The Whole Story on Protein

Protein is a hot topic among athletes of all sports. They want to know how much protein they need, when they should eat it, what's the best kind of protein and if they should buy sports drinks with protein. The purpose of this article to answer some of these questions and leave you with this message: While adequate protein is important in your sports diet, protein should take its place as the accompaniment to carbs (grains, fruits, vegetables) in each meal and snack.

Q. I've been eating egg whites for breakfast. I've heard they are an excellent source of high quality protein, right?

A.Yes, egg whites offer high quality, muscle building protein. But take note: egg whites are mostly water, and are not "packed with protein." A 3-egg white omelet has only about 10 grams of protein. You could more easily swig 10 oz. skim milk and skip the cooking and dishwashing.

A whole egg has about 6 grams protein, and is rich in vitamins and minerals. The yolk is cholesterol-rich; the debate continues whether or not the cholesterol you eat affects your blood cholesterol and heart-health. Likely not.

Better than eggs or egg whites, choose to fuel your muscles with carb-rich and health-protective oatmeal for breakfast. Cook it with skim milk (instead of water). If you want more protein, add almonds, walnuts and/or 1/4 cup of powdered milk.

Q. I've been weight lifting for several years. Do I still need a high protein diet?

A. In the early stages of training, your protein needs are higher than when you have established a stable muscle mass.  Once you have built muscle, your protein needs return to the standard requirements. Yet, most strength-trained athletes habitually eat a high protein intake, and this becomes a moot point. Research suggests resistance exercise enhances the way your body uses the protein you eat, and this actually results in greater efficiency and a reduced protein requirement. (Campbell, 2007)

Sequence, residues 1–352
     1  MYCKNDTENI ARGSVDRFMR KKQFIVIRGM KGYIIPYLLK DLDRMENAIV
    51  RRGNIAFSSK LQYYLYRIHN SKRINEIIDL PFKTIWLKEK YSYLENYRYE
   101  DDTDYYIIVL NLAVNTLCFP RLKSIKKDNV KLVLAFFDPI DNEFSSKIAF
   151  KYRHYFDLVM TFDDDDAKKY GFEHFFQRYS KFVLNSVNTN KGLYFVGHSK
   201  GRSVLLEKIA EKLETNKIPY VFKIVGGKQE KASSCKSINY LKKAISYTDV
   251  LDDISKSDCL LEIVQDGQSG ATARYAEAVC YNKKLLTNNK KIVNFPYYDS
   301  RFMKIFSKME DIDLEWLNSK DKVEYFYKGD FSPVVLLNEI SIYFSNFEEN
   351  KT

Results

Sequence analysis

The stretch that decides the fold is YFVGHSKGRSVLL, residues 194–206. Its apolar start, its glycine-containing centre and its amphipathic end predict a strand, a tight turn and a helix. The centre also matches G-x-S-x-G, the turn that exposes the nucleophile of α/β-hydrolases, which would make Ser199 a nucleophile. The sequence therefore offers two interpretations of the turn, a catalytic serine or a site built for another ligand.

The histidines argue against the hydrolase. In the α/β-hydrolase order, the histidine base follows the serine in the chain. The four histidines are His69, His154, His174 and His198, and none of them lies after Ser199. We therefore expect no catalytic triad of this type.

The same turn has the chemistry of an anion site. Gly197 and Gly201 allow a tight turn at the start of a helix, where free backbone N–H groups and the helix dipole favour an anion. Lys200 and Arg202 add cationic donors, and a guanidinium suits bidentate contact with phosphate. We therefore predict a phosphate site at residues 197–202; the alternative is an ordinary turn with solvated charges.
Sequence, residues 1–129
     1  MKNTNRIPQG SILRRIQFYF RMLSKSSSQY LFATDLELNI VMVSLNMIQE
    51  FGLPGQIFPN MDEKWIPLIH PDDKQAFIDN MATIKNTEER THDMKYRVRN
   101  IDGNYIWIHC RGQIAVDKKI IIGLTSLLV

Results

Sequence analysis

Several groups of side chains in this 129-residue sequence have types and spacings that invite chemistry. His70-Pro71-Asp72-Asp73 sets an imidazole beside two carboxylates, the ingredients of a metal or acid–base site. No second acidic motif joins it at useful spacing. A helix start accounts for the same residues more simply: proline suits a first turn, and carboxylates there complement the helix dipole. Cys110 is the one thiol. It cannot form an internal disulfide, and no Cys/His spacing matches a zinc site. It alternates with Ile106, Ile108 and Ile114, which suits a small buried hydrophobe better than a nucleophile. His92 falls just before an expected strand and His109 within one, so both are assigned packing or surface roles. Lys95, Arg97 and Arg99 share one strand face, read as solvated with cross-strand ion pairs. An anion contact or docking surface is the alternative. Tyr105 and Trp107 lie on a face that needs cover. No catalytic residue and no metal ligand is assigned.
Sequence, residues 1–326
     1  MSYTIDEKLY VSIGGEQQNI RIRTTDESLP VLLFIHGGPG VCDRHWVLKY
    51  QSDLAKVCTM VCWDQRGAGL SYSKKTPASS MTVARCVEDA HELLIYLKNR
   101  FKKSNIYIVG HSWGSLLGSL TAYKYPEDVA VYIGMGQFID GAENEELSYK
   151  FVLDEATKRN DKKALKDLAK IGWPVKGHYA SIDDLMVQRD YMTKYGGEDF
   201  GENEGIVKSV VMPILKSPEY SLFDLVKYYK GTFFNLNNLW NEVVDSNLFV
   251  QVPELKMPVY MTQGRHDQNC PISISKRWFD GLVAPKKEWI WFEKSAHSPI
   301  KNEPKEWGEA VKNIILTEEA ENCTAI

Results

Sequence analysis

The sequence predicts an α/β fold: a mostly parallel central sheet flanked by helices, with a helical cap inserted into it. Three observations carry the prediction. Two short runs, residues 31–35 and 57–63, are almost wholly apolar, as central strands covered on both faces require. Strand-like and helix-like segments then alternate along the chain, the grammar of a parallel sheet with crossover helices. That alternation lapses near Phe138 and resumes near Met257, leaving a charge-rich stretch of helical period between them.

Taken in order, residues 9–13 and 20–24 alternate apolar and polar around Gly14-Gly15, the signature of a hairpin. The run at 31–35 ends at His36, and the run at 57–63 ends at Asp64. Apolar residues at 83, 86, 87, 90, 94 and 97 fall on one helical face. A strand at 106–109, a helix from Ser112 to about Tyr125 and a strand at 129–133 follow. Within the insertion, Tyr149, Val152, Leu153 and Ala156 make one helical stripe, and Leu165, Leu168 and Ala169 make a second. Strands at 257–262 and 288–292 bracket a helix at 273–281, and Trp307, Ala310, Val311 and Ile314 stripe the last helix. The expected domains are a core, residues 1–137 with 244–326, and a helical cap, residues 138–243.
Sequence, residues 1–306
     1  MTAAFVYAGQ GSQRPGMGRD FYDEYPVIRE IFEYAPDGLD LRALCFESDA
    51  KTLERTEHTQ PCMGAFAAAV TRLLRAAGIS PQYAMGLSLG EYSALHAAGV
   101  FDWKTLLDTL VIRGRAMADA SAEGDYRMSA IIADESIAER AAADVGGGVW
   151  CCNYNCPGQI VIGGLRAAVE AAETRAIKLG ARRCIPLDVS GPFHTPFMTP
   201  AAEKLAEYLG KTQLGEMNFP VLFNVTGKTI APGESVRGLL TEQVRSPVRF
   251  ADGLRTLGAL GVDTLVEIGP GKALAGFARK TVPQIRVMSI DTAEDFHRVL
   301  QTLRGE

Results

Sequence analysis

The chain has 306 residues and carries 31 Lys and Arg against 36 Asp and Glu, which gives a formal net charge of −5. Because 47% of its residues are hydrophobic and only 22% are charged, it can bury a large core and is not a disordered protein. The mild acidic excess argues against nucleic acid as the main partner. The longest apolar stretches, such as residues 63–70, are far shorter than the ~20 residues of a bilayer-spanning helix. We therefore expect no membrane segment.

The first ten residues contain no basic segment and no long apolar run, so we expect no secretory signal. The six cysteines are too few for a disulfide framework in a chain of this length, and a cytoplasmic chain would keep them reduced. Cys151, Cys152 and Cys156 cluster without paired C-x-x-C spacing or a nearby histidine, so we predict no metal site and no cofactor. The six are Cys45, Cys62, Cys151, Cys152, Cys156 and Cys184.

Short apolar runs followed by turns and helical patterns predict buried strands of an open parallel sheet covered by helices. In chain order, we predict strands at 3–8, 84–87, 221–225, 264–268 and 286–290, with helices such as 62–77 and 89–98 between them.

Q. How many protein bars per day are too many?

A. To start, you need to determine how much protein your body needs and then assess how much protein you eat via your standard diet. Most athletes eat more than enough protein without supplements! To estimate your daily needs, multiply your weight by 0.5-0.75 g protein/pound (1.0-1.5 g/kg). If you are restricting calories or are a novice exerciser who is building new muscles, your protein needs are a little higher, but 1 gram of protein/lb (2 g/kg) is more than enough!

Example:

? If you weigh ~120 lbs, the suggested intake is ~60-90 grams protein per day; 90-120 grams if dieting or starting to lift weights seriously.

? If you weigh ~160-lbs, the suggested intake is ~80-120 grams protein per day; 120-180 if dieting or starting to lift weights seriously.

To determine how much protein you eat at meals, use the information on food labels and/or analyze your diet at websites such as www.fitday.com or www.sparkpeople.com.

Once you know how much protein you eat at meals and snacks, you can then determine how many protein bars you need. (Likely none!) That is, if your diet offers 100 grams protein and you need only 90 grams, there's no need to buy a protein bar other than for calories to curb hunger. The athletes most likely to benefit from protein bars are dieters who restrict calories (including dancers, runners, wrestlers, gymnasts), vegetarians and picky eaters.

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